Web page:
As with the other games in the Mafia series, this is largely a game about one man’s descent into the world of organized crime. Unlike the previous games, though, this one isn’t about made men at all. In fact, it’s a game about a man named Lincoln Clay, an African-American Vietnam vet with serious ties to organized crime. More than any other game in the series so far, this is a game about the protagonist’s descent into a much darker world.
Lincoln is definitely more fleshed out than previous protagonists in the game. In some ways, he’s also a bit less likeable. While he’s capable of being charismatic, there’s always a sense that he keeps his demons close to the surface. You see plenty of moments of real humanity during the game, but most of what you’ll see from Lincoln is professionalism. He’s a man who treats his vendetta against the Mafia as a war, and he’s got plenty of experience as a soldier.
Oddly, it’s when Lincoln cuts loose that he becomes a great protagonist. The voice acting is top notch and it’s hard not to empathize with his pain and anger during certain parts of the story. It’s a fully-fleshed out performance that really pays off in the long run, even if most players won’t be entirely happy with all the choices that Lincoln makes during the game.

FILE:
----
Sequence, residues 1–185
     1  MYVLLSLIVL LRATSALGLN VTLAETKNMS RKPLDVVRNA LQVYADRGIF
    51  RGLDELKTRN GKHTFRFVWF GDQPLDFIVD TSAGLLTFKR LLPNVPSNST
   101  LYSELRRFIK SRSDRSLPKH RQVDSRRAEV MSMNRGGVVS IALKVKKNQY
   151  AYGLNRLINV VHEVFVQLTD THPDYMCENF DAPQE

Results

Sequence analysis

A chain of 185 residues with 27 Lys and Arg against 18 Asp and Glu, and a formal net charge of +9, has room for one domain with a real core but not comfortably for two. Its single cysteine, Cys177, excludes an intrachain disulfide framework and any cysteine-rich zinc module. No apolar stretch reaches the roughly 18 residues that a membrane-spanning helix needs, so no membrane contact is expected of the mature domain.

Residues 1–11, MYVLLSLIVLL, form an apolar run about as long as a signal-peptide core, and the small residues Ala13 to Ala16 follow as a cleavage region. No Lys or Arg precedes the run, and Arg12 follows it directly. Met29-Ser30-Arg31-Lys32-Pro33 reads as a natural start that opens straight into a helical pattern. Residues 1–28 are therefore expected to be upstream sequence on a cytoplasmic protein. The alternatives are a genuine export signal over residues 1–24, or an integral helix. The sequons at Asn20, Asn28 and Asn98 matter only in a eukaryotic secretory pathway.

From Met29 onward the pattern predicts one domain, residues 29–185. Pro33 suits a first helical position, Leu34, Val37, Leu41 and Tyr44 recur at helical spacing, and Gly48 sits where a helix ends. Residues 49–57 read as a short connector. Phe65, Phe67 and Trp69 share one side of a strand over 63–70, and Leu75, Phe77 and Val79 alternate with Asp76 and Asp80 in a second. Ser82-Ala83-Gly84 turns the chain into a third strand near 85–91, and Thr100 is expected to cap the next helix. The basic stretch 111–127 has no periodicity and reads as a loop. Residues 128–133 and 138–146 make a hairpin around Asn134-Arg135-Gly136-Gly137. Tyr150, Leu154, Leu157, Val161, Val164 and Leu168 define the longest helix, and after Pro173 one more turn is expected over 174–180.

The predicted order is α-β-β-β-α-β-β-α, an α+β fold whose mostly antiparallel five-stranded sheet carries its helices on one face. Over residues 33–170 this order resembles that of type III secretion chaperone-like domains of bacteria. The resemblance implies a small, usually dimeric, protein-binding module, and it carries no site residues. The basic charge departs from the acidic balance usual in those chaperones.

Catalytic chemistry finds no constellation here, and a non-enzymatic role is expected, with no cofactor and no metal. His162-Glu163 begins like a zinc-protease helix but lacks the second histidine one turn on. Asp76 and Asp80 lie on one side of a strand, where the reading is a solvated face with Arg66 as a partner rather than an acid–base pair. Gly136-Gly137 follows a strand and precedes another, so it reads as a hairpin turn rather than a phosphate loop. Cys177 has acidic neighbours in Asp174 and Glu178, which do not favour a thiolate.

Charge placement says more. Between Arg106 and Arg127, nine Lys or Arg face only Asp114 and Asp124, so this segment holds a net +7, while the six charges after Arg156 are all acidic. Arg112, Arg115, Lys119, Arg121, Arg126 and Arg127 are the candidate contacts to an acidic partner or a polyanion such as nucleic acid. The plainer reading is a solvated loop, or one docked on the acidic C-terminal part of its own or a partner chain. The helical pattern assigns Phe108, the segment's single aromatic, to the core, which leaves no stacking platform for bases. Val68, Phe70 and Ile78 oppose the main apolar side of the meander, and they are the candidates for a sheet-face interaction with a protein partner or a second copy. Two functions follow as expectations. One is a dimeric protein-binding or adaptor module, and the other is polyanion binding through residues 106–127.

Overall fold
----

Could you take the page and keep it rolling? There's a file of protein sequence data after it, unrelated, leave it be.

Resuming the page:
There’s also a great supporting cast in the game, though most of the characters are given short shrift. Some of the best performances come from incidental characters who help New Bordeaux to come alive. It’s one of the few open world games in which most will want to actually stop and listen to all of the dialog, even when walking down the street. The characterization is impressive from bottom to top.
It seems like every Mafia game eventually turns into a story about revenge. That was certainly a huge part of the last game, and likewise this game is as much about fighting against the mob as it is about being part of organized crime. This entry in the series, though, is the first to really place the player as an outsider. There’s very little romanticizing of crime or criminal elements here, but rather an admission that there are varying degrees of evil in the world. This is first and foremost the story of one man going to incredible lengths to avenge his family.